Stop Cutting Down Trees! L.A. Needs Shade And Birds to Eat Bugs that Transmit Disease

First, a basic truth: Our City has nature.  “We have this idea that there’s the urban world and there’s nature. We’re the only species that looks at landscape that way,” says Dr. Eric Strauss, executive director for the Center for Urban Resilience at Loyola Marymount University-Los Angeles.

Los Angeles is a naturally remarkable living landscape.  It’s old and rich.  It’s living because no glaciers made their way into the terrain here and left the bedrock lifeless upon their retreat.  That gave the plants and animals a long time to differentiate into an astonishing array of species.  The movement provided by earthquakes created hills, valleys and creeks that enabled plants and animals to move around into newly created niches allowing more diversity than almost any other place on earth.  These are the reasons places like Iowa have no species found only in Iowa and California has over 2,100 species found only here.  This is the reason our region is considered a global hotspot of biodiversity, a place rich in species but also threatened by development, pesticides and bad landscaping. Scientists assure us that there is no other region of comparable size in the nation that has greater biodiversity (aka nature) than we have right here.

Sharing our city blocks with trees and birds and animals is a good thing. Urban wildlife helps control the spread of diseases typically passed from animals to humans.  As our city urbanizes, top-order predators like mountain lions are pushed out, creating a pressure release on middle-sized predators like coyotes. These predators play a really important role in urban areas, helping reduce the reproductive success of rodents and feral cats, which in turn allows bird populations to recover. And birds, as we know, eat the insects that tend to transmit diseases like the West Nile virus to humans. When you have an intact animal diversity, you control those diseases without having to use toxic pesticides.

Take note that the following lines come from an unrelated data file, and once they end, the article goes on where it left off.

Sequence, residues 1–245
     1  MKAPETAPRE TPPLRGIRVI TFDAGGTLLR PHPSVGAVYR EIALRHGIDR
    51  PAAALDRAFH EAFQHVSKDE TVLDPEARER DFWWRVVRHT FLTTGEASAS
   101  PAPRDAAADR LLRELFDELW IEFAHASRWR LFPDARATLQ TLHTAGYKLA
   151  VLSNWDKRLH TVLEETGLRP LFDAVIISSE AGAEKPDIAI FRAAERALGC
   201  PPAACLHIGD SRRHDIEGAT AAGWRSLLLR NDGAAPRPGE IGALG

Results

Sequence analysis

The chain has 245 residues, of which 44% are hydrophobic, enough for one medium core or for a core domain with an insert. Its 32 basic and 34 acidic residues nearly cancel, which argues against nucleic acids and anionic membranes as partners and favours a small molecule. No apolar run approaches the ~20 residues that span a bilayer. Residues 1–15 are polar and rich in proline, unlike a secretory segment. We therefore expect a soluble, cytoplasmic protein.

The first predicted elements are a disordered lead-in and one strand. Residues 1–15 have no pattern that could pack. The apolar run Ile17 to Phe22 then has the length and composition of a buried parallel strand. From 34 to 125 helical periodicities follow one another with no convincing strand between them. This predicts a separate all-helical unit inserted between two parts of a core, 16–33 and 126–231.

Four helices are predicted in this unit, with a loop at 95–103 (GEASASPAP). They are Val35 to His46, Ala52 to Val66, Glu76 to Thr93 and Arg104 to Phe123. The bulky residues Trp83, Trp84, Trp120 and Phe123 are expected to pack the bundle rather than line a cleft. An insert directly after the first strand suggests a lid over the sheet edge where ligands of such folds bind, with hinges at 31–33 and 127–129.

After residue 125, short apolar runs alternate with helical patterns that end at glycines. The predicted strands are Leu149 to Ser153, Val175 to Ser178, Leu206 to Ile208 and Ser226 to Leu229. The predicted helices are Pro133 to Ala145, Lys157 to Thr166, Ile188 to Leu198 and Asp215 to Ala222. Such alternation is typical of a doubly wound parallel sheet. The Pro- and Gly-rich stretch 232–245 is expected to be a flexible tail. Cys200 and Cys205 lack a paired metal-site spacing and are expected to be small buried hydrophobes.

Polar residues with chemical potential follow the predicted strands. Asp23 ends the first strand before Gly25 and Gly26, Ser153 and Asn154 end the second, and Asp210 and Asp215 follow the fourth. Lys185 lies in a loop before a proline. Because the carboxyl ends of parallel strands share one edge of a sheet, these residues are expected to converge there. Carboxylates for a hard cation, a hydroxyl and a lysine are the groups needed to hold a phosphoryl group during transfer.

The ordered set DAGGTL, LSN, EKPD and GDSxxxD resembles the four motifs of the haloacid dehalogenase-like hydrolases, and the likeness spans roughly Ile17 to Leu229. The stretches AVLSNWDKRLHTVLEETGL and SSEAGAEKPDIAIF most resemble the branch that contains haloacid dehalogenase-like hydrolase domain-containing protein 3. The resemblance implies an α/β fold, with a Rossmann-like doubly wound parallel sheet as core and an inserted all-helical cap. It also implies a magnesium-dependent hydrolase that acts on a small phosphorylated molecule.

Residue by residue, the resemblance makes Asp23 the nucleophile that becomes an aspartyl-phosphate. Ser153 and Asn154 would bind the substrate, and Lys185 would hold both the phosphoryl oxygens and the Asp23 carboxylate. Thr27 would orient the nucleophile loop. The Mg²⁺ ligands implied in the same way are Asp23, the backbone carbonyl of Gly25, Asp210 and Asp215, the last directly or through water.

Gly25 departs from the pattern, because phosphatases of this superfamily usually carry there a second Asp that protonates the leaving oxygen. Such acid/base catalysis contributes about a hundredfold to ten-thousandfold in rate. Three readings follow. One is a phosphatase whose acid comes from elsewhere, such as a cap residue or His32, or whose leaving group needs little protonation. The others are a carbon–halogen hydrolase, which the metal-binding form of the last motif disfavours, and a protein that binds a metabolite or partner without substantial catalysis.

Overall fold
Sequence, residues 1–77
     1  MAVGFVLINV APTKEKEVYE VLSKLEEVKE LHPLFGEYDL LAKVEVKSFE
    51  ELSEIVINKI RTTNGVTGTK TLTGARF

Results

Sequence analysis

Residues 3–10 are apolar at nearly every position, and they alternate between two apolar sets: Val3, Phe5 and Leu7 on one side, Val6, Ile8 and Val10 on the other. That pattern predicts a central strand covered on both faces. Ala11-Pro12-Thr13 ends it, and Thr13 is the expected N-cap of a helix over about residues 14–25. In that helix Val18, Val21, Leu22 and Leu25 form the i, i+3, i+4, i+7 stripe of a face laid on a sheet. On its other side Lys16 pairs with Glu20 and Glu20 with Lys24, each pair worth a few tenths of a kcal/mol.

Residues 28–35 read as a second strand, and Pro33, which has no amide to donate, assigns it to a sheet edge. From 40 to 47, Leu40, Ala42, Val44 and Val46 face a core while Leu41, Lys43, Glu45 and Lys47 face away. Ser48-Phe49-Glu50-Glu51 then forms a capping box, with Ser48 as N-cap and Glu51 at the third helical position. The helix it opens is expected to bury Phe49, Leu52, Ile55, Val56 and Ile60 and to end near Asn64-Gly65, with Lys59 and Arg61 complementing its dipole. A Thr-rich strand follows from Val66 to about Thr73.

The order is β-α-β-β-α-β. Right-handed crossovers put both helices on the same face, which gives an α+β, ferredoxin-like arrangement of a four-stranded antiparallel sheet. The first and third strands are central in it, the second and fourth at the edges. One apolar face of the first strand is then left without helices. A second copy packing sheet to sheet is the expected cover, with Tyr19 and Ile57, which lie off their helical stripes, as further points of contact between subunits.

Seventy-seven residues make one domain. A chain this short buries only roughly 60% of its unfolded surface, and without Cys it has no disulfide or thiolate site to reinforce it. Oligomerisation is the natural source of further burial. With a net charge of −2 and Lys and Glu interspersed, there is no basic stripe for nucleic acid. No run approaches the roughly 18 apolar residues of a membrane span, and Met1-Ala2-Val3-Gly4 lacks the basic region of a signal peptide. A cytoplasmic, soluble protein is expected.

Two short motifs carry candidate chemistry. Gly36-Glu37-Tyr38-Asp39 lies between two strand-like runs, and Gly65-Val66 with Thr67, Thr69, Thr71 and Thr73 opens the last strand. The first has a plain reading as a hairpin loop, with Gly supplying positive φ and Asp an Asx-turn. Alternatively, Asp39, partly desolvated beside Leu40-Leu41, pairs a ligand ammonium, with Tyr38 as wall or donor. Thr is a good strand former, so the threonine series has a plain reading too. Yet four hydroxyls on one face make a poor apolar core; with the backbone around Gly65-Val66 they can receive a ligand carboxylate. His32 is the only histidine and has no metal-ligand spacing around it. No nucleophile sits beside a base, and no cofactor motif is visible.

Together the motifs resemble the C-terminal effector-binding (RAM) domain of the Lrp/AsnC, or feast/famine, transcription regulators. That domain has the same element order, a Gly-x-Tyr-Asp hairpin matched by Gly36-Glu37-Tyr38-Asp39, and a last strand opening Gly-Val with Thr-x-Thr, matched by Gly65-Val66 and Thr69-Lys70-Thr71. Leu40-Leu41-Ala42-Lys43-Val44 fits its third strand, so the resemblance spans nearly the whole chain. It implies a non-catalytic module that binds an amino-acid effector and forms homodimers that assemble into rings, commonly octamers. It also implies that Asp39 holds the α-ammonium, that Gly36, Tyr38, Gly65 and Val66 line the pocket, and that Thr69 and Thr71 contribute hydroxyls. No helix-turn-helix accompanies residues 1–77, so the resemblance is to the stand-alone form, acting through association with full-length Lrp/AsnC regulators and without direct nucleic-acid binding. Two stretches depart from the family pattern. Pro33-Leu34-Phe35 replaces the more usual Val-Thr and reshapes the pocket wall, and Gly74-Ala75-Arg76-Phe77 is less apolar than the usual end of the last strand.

More significantly, perhaps, are the socio-spiritual advantages that come to humans from urban wildlife.  Listening to the soft chirping of a group of sparrows or spotting a scrubjay out the back window brings joy and perspective to urban-dwellers. For our elderly homebound neighbor, feeding the birds off his side patio provides some connection to the outdoors and a daily purpose.

In most cases, the loss of our nature is not happening in large tracts, but in bite-sized chunks.  A few trees here, a woodland there. What ends up happening is death by a thousand cuts.  Green space disappears, threatening the more fragile species like the western screech-owl.  When those habitats are carved up to make way for a development and backyard living rooms, owls and other species may disappear from our city altogether.  As you begin to disrupt more and more and more, you get down to less and less wildlife.

So, where will the wildlife that’s been living here for decades go?

“People often imagine that wildlife at a development or disturbed site will simply move to a new area after development but this is not true”, says Dr. Travis Longcore of The Urban Wildlands Group; “any suitable habitat surrounding will already be occupied and the wildlife numbers are reduced each time habitat is lost.”

Solutions are possible.  A handful of landscapers in Los Angeles garden for wildlife in private residential yards where 90% of the urban forest exists.  Wildlife yards could dramatically increase L.A.’s green space—and, presumably, its urban wildlife population. Conservation now often means modifying private yards to do double-duty as wildlife habitat — or, more accurately, to continue functioning for wildlife even as Angelenos colonize them for their homes.  There is simply no place else for animals to live.

How do you destroy a native ecosystem (aka nature)?